Interview: Robin Wasserman

How did you first come to discover the Barsoom books by Edgar Rice Burroughs?

When I was a kid, I read my way through the library’s not-very-large science fiction shelves, and while I was willing to read pretty much anything (including the back of cereal boxes, when things got really desperate), I always gravitated toward the books from the early days of sci fi. For whatever reason, I had developed the theory that the older a book/author, the better. So I worked my way backward, and it was only a matter of time before I stumbled onto Burroughs.

What do you find appealing about the characters and milieu?

I grew up on original recipe Star Trek, so I can easily admit there’s an appeal to the idea of aliens who are basically just like us, with some funny facial bumps. But there’s also something wonderful about a universe filled with aliens who are thoroughly different from humanity, not just in the way they look but the way they think. Burroughs does a great job of creating several truly alien societies and mindsets. Even if he admittedly doesn’t do such a great job of tolerating ‘the other,’ he offers the reader a chance to grapple with the truly strange, and for me, that’s one of the joys of the genre.

What sort of an influence do you think the Barsoom books have had on the development of fantasy & science fiction?

Where to even begin? Aliens! Aliens on Mars! Cowboys in space battling aliens on Mars! Surely it can’t be a coincidence that UFOs are commonly imagined to be populated with “little green men,” though it strains the imagination to think of the Green Martians as little.

Who is your favorite character in the Barsoom canon? (And why?)

I’m a sucker for Sola, who unlike the other Green Martians, has a really good reason for sympathizing with John Carter and turning against her own people – I also think her backstory, along with Sarkoja’s (my other favorite character, because who doesn’t love a complex villain with a reasonable grudge) is far more interesting than that of John Carter’s slash and burn adventures, and I’ve always wanted to know more about it.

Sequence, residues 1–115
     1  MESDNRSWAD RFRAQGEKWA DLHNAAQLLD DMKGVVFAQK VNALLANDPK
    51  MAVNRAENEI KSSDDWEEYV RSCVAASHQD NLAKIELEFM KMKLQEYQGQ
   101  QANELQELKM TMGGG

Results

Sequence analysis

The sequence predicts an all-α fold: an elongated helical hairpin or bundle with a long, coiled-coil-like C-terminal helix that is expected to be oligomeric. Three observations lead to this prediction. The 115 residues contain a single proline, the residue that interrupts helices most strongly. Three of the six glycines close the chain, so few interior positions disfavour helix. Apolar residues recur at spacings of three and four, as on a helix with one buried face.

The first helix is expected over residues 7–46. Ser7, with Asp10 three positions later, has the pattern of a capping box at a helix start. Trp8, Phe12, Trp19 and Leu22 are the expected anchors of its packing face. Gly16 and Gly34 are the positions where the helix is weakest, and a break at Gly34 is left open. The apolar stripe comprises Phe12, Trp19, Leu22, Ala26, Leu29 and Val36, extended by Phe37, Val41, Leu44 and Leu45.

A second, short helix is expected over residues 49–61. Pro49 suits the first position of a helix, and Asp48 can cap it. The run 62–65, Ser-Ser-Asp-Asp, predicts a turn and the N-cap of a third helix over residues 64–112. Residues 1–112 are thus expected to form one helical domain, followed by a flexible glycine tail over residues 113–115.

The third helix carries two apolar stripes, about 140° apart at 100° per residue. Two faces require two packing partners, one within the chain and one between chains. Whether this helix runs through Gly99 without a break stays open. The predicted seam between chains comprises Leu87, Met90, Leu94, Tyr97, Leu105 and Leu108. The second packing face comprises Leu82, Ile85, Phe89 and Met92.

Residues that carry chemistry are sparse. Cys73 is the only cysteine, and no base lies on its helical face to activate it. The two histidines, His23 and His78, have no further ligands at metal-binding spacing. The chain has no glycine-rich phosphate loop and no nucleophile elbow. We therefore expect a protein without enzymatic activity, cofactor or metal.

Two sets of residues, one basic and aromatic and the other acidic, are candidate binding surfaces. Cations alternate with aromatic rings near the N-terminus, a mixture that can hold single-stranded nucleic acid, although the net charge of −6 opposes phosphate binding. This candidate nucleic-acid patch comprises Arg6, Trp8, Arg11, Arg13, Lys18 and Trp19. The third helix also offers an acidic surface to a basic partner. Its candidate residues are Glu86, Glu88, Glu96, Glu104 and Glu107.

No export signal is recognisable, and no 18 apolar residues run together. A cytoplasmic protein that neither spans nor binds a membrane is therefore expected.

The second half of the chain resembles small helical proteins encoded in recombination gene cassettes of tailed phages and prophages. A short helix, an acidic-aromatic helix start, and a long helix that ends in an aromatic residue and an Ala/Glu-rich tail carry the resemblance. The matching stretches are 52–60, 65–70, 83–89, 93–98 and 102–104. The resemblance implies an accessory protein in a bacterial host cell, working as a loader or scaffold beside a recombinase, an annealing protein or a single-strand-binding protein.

Tell us a bit about your story in the anthology. What’s it about?

“Vengeance of Mars” is the story of what happens to Sarkoja, who we never see again after her exile. John Carter and Tars Tarkas destroy her life (not without reason) and then move on without a second thought—my story theorizes that Sarkoja, on the other hand, never stopped thinking about them, and never gave up on her lust for revenge. I almost always find villains more interesting than heroes, especially in this case, when the hero goes on to commit far more heinous crimes than the villain could ever imagine, and is valorized for every crime he commits. In “Vengeance of Mars,” Sarkoja does whatever she can to stop John Carter from decimating the fundamental principles of the Green Martians—but in doing so, finds herself compromising the very ideals she’s trying to protect.

What was the genesis of the story–where did the initial seed for the story come from?

Re-reading the Barsoom books as an adult, I was truly horrified by the violent swath John Carter cuts through Martian society. Everywhere he goes, he kills, without question or hesitation—and all for the absurd love of a woman he barely knows. In the early twenty-first century, knowing everything we do about the horrors of empire and the destruction that colonlialsm leaves in its wake, I think it’s impossible to read about John Carter and his disdain for the Martian ‘primitives’ without having significant sympathy for the world he so clumsily conquers. I couldn’t stop thinking about how Carter’s enemies would see him, not as a hero, but as a bloodthirsty monster, and that was the story I wanted to tell.

Was this story a particularly challenging one to write?

I worried that it might be, as it can often be difficult to take on a voice and characters that aren’t your own, especially when they’re so rooted in the past. But instead, as soon as I came up with the idea, the story flowed more easily than nearly anything else I’ve written in the last few years, maybe because it centers around a character, Sarkoja, who has one single, consuming passion that controls her every thought and action. She barreled her way through the story and dragged me along for the ride.

Any new work of yours just out or forthcoming you’d like to mention, or anything else you’d like to add?

My new novel, The Book of Blood and Shadow, comes out in April 2012. It’s a crypto-thriller that spans continents and centuries and, much like my story for this anthology, is about murder and vengeance and the question of how far you’re willing to go to protect the things you choose to believe in.